Verdigris, Dallas’ innovative choir, is all about pushing the boundaries of choral music. Last year, the group brought in more than $375,000 when it sold an NFT featuring music by Texas-born composer Nicholas Reeves. In its latest mix of technology and music, Verdigris presented Friday night at Moody Performance Hall a space-themed program, called “The Big Bang.”

In three works by living American composers, performed without pause, the choir was accompanied by slowly shifting images of outer space, shown on an onstage screen. The images were produced by an artificial intelligence system and designed by Fort Worth-based artist Pindar Van Arman. Recurring visual motifs included stars, strange symbols and colorful galaxies.

The subtle changes in the art complemented the slow pace of Michael Harrison’s Just Constellations. Unfolding in four sections, named after the four seasons, the 20-minute piece is built on sustained, wordless pitches and explores gradual shifts in harmony. The experience grew wearing over time because of the similarities between the sections.

Related in spirit, but more varied and engaging, was Kile Smith’s The Consolation of Apollo. In seven movements, over 35 minutes, it alternates selections from a 6th-century philosophical text by Boethius, a Christian scholar, and transcript communications from a television broadcast of the Apollo 8 mission, the first to orbit the moon and return to earth.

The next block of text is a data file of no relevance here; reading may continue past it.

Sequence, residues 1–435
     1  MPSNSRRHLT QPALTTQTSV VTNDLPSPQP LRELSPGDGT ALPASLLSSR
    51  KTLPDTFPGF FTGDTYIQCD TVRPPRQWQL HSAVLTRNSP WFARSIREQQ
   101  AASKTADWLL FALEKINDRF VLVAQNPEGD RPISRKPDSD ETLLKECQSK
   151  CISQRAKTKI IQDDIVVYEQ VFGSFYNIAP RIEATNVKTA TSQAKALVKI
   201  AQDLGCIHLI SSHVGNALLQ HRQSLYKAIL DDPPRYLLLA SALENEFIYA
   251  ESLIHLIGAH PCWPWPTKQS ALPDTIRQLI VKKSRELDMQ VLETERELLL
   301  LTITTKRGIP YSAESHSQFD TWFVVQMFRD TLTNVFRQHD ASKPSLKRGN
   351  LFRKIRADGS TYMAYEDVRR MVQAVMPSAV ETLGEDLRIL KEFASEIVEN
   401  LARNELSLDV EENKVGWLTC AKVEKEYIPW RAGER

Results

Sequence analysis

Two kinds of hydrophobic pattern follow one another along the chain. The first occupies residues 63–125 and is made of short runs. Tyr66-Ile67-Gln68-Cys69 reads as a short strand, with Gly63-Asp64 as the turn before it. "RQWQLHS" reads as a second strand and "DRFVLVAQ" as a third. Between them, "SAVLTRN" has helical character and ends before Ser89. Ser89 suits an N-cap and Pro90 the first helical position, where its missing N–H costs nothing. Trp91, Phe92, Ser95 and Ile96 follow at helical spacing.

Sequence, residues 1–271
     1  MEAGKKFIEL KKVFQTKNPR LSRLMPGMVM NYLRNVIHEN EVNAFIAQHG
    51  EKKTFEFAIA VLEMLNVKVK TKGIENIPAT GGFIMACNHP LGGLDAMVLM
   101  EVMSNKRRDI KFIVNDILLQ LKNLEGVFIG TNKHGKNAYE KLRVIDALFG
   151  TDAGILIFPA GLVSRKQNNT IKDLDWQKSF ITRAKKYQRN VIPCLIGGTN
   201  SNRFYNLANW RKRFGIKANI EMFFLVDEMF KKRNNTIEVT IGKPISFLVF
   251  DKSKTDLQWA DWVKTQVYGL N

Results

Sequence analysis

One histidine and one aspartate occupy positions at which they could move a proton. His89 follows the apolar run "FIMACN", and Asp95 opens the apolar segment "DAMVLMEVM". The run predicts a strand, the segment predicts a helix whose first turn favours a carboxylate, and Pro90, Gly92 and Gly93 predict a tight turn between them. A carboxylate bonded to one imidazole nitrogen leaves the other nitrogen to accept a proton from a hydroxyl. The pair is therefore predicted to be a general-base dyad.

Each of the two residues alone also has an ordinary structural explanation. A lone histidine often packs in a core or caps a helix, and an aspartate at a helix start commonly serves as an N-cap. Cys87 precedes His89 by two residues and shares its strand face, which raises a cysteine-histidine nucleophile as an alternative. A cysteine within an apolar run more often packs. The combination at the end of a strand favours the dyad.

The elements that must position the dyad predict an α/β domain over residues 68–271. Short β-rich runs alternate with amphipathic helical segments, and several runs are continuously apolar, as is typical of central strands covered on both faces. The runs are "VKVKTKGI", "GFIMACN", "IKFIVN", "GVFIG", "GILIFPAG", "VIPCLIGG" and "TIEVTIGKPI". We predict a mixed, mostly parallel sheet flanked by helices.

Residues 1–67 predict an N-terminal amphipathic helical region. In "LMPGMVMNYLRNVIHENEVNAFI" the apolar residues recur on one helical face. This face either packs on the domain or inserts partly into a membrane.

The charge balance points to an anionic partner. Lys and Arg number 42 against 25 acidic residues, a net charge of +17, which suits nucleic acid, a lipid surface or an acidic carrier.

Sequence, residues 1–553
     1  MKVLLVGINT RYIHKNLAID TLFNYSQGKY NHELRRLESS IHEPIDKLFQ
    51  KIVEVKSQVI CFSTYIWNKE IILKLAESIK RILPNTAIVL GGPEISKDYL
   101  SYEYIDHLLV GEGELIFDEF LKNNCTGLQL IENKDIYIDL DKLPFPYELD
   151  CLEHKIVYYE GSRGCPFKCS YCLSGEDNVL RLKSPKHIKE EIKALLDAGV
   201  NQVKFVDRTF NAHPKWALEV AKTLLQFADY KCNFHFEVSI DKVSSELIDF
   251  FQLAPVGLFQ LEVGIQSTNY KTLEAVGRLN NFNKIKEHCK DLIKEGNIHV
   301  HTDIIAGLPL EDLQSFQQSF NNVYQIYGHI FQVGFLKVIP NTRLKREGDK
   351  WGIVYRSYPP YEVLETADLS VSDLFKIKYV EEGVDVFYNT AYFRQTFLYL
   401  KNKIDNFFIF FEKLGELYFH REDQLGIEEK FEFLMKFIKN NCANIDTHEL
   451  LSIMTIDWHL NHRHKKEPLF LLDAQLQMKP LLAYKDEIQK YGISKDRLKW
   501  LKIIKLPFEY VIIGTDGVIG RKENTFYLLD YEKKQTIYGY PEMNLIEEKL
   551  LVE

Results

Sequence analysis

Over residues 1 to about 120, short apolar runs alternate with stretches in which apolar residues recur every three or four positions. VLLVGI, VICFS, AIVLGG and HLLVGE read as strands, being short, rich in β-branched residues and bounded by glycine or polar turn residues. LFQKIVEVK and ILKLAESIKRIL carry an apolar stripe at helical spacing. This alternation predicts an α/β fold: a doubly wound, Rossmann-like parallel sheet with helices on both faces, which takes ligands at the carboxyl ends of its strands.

Wide-open sonorities evoke the awe of seeing earth from space, with crotales (a kind of pitched percussion) adding peals of brightness. In a passage about the sun, the music frolics with spring-like joy, propelled by bass drum hits.

At the emotional heart of the work, Smith sets the first ten verses of Genesis, about the creation of the earth, which the Apollo 8 astronauts read during the broadcast. Along with the reflective and luminous music, the artwork changed more quickly, seemingly cycling through previous images from the concert.

Verdigris, Dallas’ innovative choir, mixes AI and music in ‘Big Bang’ concert
Artistic director Sam Brukhman leads the Verdigris Ensemble in concert at the Moody Performance Hall in Dallas on Friday, Sept. 9, 2022.(Lola Gomez / Staff Photographer)

Sandwiched between the two longer compositions was a 5-minute peaceful work by Cristina Spinei. Called Lucis, it was commissioned by Verdigris, and was given its world premiere. Wordless melodies emerged from different voices, before receding into the textures. Particularly affecting were the sopranos’ ethereal lines floating over held bass notes.

Led by Sam Brukhman, the choir’s artistic director, 16 area singers offered cohesive and committed performances. Their dynamics ranged from whispered intimacies to full-blooded fortissimos.

But the concert was hampered by logistical issues. Preconcert commentary began 10 minutes late, and went on for too long. Maddeningly, the program notes didn’t give any insight into Spinei’s work, nor did anyone discuss it in any detail. It would have also been helpful for audiences to provide a printed text or supertitles for Smith’s piece, where the luxuriant settings often made it impossible to understand the words.


Repeats at 7:30 p.m. Saturday at Moody Performance Hall, 2520 Flora St. $30.

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